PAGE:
“How’s Dad?”

  “Oh, he’s fine. He said to say hello.”

  “Well, what happened?”

  “He had a little accident in his patrol car, honey. A dog ran out in front of him. You know how your father is about animals. He swerved to miss it, and everything would’ve been fine except his front tire picked that moment to blow out. So then he lost control of the car and smacked into a tree.”

  “Hard?” I asked.

  “Hard enough,” Mom said. “You know how your father feels about seat belts.”

  According to Dad, only sissies wore them. It seemed like a strange attitude for a chief of police, but he’d grown up in the Great Depression, fought in World War Two…

  “How is he?” I asked.

  “Well, he broke his left arm and cracked a few ribs. He also hit his head on the windshield hard enough to break it. The windshield, not his head.” She laughed, but it sounded a little tense. “You know how hard your father’s head is. Anyway, he apparently was knocked unconscious for a while. But then he came to and drove himself over to County General.”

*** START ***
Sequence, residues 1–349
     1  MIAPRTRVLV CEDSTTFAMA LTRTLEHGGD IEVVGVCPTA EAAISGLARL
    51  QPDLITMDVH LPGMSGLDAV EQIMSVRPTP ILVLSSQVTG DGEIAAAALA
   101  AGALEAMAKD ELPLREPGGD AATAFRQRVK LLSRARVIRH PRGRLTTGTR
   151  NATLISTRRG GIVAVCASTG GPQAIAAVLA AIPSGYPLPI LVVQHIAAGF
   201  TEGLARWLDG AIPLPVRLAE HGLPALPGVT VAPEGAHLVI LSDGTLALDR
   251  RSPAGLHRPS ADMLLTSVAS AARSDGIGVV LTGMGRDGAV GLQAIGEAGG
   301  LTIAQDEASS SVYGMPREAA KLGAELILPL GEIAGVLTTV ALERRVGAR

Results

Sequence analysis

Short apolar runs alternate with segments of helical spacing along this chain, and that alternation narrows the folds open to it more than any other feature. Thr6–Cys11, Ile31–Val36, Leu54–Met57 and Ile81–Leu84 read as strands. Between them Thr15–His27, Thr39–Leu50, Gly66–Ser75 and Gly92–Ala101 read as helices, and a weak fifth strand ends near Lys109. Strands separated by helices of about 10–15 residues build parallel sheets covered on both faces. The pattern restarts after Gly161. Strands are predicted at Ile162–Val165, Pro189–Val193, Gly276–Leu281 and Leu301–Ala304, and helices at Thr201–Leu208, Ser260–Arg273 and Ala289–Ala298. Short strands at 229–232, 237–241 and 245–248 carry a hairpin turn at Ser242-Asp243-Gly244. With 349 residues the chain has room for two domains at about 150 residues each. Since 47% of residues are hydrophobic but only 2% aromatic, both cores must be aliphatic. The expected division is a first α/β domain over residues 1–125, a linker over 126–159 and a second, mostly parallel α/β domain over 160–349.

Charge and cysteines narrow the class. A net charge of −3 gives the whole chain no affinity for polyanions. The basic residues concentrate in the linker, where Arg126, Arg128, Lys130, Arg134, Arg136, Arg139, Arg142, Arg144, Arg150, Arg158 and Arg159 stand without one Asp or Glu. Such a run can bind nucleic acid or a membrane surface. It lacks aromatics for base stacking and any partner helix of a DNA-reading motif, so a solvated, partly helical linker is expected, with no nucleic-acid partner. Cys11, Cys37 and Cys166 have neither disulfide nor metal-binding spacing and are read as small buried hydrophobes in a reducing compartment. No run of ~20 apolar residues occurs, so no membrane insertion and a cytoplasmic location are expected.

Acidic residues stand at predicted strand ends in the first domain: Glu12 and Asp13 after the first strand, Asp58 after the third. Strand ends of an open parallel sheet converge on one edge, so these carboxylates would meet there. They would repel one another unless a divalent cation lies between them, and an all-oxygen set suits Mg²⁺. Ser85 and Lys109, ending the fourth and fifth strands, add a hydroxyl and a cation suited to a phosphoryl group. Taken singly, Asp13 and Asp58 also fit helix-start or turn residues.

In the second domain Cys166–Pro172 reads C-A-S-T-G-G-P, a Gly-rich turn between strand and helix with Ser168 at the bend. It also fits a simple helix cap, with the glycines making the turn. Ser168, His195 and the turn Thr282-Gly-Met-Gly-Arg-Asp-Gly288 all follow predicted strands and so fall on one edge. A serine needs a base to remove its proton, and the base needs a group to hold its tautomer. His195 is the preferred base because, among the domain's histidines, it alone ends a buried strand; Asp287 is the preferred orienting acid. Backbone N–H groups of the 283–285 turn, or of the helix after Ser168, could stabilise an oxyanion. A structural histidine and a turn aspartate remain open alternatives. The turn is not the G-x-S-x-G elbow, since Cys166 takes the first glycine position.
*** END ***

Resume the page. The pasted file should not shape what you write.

“Why County General?” I asked.

  “Well, he feels it’s better equipped, and he was almost as close to it as…”

  “Where was he?”

  “Out on Route 3.”

  On Route 3 and a dog ran out in front of his car?

  A chill scurried up my back and the skin on the nape of my neck stiffened with goosebumps.

  “Anyway,” Mom said, “he’s fine, but they’re going to keep him overnight.”

  “What for?”

  “Just as a precaution. Because of the head injury, mostly. They want to keep an eye on him till morning.”

  “Oh. Okay.”

  “Anywhoooo, I thought I’d like to stay here at the hospital with him.”

  “All night?” I asked.

  “I don’t have to stay…”

  “No, it’s fine.”

  “If you’d rather not stay by yourself, I could come home.”

  “No, you don’t have to do that.”